|7/13/2016 – SOTO CANO AIR BASE, Honduras — What started as a quiet afternoon spent enjoying off-duty time and celebrating the Fourth of July weekend in Roatán, Honduras took a sudden turn for one member of Joint Task Force-Bravo on July 2.
U.S. Army Spc. Tyler Holman, a combat medic assigned to the 1st Battalion, 228th Aviation Regiment, was at a local scuba shop packing up his equipment after returning from a dive when he heard yells for help.
“I didn’t know what was going on, but the individual was yelling for a doctor or anybody who knew CPR,” Holman said. “So I took off and about 50 to 60 meters down the beach four or five people were gathered around a young Honduran lady laying on the ground. She was probably around 13 years old. I kind of put two and two together when I saw her soaked, unresponsive, and looking like she was just pulled out of the water.”
Immediately, Holman took control of the situation and positioned the girl to administer CPR. Two minutes later, the girl started breathing again and she was moved to a park ranger’s truck to be transported to the hospital.
“She and I were in the backseat and she was breathing a little bit, but crashed on the way up there so I did CPR again,” Holman said. “The hospital’s on the other side of the island — usually about a 25 minute drive, but the park rangers made it in 7 minutes. It was pretty difficult trying to keep her breathing and keep myself in the truck.”
The moment the truck arrived at the hospital Holman carried the girl to a stretcher. He then watched as the girl became responsive the moment the stretcher’s front wheels hit the ER ramp. After talking to a couple doctors to let them know what happened, he was relieved to learn she would most likely make a full recovery.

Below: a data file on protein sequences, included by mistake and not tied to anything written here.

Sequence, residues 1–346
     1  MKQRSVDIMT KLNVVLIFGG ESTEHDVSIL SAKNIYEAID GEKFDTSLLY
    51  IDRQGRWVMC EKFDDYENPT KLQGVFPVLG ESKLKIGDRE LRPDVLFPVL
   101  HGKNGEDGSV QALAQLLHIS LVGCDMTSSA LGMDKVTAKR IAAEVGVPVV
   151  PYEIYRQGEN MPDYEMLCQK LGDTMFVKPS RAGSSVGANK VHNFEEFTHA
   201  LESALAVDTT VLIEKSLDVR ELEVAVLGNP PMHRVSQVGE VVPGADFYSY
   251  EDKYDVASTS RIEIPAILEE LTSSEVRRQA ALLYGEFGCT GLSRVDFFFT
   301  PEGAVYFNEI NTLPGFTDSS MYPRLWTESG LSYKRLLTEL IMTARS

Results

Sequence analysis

“The whole ordeal took probably around 15 minutes, but time really didn’t exist because my adrenaline was pumping and I was just focused on keeping her alive,” Holman said.
Because he was so focused on keeping the girl alive, Holman didn’t realize that he didn’t have any shoes on, his shirt was partially buttoned, and his wallet was still with his scuba equipment.
Not seeking recognition, Holman only informed his leadership of what transpired because he noticed some of the locals were taking pictures and videos of him and he wanted them to be aware in case he showed up on the local news.
“I’m glad Spc. Holman was in the right place at the right time to take swift action,” said U.S. Army Capt. Michael Haynes, 1-228th AVN Headquarters and Headquarters Company commander. “He’s one of our many great ‘Phantoms’ who apply instinct and training in times of need. In this situation particularly, he embodied not only the Army values but the vision of what the 1-228th AVN strives for every day. I’m honored to have him on the Phantom team.”
Holman was awarded the Joint Service Commendation Medal from U.S. Navy Adm. Kurt Tidd, the commander of U.S. Southern Command, but he insists he only did what comes natural to him as a combat medic.
“I didn’t do this for an award,” Holman said. “As cliché as it sounds, my passion in life is helping people. Any medic in the Army worth their salt would do the exact same thing every time because that’s just what we do.”
Although Holman is reaching the end of an Army enlistment that’s taken him to nine different countries in four years, he will be getting out to resume his pre-med studies and work in the emergency medical services field — a field he worked in prior to joining the Army.
“Medics and soldiers have a lot in common,” Holman said. “Sometimes people get confused about what a hero is. We’re not heroes. We just care about people and that’s what we want to do — help.”